By Deborah Iwabuchi, Maebashi, Japan
I recently co-translated a title, Little Keys and the Red Piano, for ebook (Amazon Digital Services, Inc., May 2013). I will be blogging about the experience here in a series of three posts.
First, here is the ebook!
Little Keys and the Red Piano
By Hideko Ogawa
Translated by Deborah Iwabuchi and Kazuko Enda
To give a quick summary, Little Keys is a piano-playing kitten who moves from a comfy home on the Japan Sea to Tokyo, where she plans to become an authentic stray in the big city. Little Keys and the Red Piano is the enchanting story of how she does it.
Rather than going more into the story, I’d like to write today about translating the book. It turned out nicely, but there were some ups and downs that I’d like to have on record for you, my fellow translators, so you’ll have some background when you get a similar opportunity.
My colleague and long-time writing partner, Kazuko Enda, and I were asked by a publishing company just getting into ebooks to translate a children’s book for them. They were publishing an ebook of the original version in Japanese and the author was eager to have it done in English too. It would be the first English book—either digital or in print—that they had ever done. The proposal was that we would translate it for free and then rake in the royalties. While that seemed highly unlikely we were both charmed by the book and even more so by Hideko Ogawa, the author.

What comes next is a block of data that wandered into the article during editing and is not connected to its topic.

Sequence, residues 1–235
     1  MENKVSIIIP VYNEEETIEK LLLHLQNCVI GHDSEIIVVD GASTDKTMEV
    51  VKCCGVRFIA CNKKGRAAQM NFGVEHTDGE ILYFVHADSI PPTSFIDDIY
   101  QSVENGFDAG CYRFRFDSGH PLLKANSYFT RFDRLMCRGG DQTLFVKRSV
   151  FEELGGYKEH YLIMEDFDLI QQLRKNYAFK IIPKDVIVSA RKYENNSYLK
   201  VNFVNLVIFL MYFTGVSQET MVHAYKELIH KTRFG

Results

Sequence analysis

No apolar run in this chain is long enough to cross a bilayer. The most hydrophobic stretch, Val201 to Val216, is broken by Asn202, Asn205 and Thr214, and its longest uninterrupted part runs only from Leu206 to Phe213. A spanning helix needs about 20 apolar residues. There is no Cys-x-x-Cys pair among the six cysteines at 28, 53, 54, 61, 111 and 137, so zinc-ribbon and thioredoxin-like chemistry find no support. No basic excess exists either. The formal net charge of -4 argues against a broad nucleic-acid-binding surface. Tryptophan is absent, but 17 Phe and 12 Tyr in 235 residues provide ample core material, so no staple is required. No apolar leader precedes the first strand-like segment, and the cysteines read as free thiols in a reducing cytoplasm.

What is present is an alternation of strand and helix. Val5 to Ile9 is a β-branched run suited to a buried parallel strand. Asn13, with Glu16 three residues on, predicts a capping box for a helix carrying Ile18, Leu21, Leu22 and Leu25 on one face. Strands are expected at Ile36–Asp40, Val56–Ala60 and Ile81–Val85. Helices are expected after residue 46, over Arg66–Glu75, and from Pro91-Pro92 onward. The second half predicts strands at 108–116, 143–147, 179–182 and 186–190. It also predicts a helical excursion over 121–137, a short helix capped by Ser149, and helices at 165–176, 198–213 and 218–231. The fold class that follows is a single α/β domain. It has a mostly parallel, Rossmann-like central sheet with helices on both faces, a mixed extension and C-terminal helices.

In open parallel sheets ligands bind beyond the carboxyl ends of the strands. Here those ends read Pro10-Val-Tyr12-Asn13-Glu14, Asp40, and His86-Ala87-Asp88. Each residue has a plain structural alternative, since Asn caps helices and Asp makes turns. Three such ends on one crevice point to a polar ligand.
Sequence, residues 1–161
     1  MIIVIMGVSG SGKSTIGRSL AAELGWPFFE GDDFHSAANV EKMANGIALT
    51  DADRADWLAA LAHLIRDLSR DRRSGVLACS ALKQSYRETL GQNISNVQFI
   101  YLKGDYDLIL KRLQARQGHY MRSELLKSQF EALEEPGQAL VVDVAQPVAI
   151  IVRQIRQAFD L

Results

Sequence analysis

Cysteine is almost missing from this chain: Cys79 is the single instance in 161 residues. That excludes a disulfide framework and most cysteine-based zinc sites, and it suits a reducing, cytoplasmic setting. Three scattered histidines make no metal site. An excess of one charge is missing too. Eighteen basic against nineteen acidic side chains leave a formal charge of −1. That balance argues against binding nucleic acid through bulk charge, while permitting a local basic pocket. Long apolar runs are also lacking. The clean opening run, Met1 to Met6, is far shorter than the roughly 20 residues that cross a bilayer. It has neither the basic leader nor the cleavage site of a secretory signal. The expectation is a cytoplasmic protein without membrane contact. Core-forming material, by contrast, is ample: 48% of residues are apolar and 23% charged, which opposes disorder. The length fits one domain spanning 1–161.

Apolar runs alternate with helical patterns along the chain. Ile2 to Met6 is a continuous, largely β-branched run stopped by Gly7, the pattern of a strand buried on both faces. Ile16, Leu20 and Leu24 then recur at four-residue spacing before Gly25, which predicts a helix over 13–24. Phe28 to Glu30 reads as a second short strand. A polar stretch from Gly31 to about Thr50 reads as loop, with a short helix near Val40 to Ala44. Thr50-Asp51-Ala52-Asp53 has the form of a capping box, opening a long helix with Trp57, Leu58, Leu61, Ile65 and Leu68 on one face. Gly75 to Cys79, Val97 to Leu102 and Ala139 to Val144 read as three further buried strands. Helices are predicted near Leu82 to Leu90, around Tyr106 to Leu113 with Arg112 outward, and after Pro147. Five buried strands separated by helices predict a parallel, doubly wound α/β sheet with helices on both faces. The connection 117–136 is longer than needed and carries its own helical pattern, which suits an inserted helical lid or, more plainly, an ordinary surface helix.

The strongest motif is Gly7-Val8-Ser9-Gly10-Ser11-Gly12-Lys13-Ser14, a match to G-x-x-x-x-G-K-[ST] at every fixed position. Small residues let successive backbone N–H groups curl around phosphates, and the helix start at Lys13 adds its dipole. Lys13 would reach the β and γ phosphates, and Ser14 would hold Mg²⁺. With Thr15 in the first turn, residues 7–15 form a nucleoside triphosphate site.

Part 1: Meeting the Author
Ms. Ogawa, a woman in her seventies, was active and sharp, passionate about her work, and determined to see it translated into English. Ms. Ogawa wrote Pianyan (Piano + nyan, or “meow”) to describe her own move from her hometown of Itogawa in Niigata to Tokyo. It was originally published by Kodansha in 1994. When we met her, she told us that it had been well-received and dramatized by small acting groups throughout the country—it was a story that resonated with adults who had struggled with homesickness layered on the excitement of life in the city.
The three of us decided to meet in Tokyo, and Ms. Ogawa came equipped with the September-October 2011 issue of the journal Nihon Jido Bungaku (Japan Children’s Literature) with a special feature on children’s books in translation, which answered many of the questions we had, especially about how much we could revise a book to make it a more enjoyable read for an English speaking audience. (An article by translator Yumiko Sakuma—which I eventually hope to translate for this blog—was especially good.) Ms. Ogawa, an editor of the journal, was prepared to accept our proposed revisions in order to make good work of the translation. Not only that, but she was busy taking photographs to illustrate the ebook version, promising a colorful final product that would give readers a good look at Tokyo. She eventually provided maps of Japan and of Shibuya in Tokyo, where much of the book takes place, and accepted links for interested readers to find out more. Little Keys and the Red Piano is now available on Kindle books due in great part to the author’s enthusiasm and unfailing cooperation.
Check back next week for Part 2 of this series.